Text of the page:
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You might not know Christopher Tin’s name. But I’ll bet you dollars to donuts you know Baba Yetu, an original piece of music he wrote for Civilization IV. The Lord’s Prayer translated into Swahili and set to a joyous African tribal beat says everything you need to know about civilization. The game and the actual thing.

But Tin was just getting warmed up. Take a moment to listen to Red Planet Nocturne, which he wrote for Offworld Trading Company. It begins with a raindrop patter that reminds me of the soundtrack by David Wingo for a movie called Take Shelter. But it then goes to its own places. What an evocative and poignant piece of music. Although I don’t quite feel how it connects to the game yet — I’ve been playing a music-less Offworld Trading Company for so long now — it assures I won’t be moving down the slider for music on the audio tab. On the contrary, I’m running the game in the background right now to hear the rest of Tin’s music. Would it be too hasty to put it alongside other iconic and haunting sci-fi soundtracks? Clint Mansell for Moon, John Murphy for Sunshine, Vangelis for Blade Runner, Hans Zimmer for Interstellar, Steven Price for Gravity, and Christopher Tin for Offworld Trading Company. Yeah, that list looks about right.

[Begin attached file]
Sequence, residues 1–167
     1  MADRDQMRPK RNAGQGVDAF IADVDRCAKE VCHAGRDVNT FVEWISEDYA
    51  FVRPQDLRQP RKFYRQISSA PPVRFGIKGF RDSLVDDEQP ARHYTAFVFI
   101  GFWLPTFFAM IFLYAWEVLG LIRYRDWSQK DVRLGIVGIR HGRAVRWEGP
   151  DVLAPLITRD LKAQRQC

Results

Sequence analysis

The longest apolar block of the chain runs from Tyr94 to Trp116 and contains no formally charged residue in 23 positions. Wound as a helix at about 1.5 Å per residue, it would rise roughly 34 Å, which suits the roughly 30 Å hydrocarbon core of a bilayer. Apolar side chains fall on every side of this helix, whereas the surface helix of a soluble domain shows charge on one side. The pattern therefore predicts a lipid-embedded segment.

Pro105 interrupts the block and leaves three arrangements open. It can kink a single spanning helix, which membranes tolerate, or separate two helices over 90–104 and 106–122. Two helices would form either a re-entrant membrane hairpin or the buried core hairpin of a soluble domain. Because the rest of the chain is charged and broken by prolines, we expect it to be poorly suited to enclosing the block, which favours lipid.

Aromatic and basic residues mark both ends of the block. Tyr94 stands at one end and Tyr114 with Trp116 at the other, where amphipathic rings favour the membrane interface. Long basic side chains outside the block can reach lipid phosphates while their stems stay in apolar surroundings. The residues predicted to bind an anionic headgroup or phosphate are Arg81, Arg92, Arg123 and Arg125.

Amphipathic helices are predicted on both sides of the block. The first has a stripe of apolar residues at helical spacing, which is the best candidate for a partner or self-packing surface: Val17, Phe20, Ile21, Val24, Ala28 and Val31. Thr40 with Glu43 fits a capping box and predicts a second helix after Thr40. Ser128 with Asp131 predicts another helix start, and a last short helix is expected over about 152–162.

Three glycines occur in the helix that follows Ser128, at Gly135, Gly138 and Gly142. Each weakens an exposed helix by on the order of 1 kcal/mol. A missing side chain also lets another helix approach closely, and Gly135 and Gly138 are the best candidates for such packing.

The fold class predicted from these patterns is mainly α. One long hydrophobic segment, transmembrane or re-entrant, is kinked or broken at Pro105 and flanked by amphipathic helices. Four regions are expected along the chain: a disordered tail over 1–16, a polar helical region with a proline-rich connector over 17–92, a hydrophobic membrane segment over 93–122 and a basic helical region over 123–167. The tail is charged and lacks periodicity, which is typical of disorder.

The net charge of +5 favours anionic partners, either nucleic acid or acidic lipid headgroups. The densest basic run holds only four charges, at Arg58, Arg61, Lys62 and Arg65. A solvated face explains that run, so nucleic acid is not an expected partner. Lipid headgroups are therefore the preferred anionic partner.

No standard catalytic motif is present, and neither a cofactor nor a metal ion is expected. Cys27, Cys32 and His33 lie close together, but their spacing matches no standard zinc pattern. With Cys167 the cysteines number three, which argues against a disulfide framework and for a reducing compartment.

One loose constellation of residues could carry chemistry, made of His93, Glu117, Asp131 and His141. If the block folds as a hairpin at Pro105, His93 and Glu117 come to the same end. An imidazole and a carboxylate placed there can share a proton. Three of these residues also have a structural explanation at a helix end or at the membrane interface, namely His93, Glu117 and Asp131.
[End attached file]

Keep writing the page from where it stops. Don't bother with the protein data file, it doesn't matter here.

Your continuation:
You can read Tin’s comments about the soundtrack here. Offworld Trading Company will be released on Thursday.

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You don’t have to take my word for it that Garden Warfare 2 is the best thing to happen to shooters since Epic let us play Unreal with bots instead of other people. Now you can find out for yourself for the price of whatever bandwidth is takes to download a 20GB install. From EA’s announcement:

To get started for free now, download the game from Xbox Marketplace, PlayStation Store, or Origin.com. Players who wish to continue the epic battle after their trial can purchase the full game and keep all of their progress, unlocks, and achievements.

It’s a pretty insidious trick. They’re confident — and I’m inclined to agree — that once you invest ten hours in this thing and see what it has to offer, you’ll be willing to pay the $60 (!) for hours eleven plus.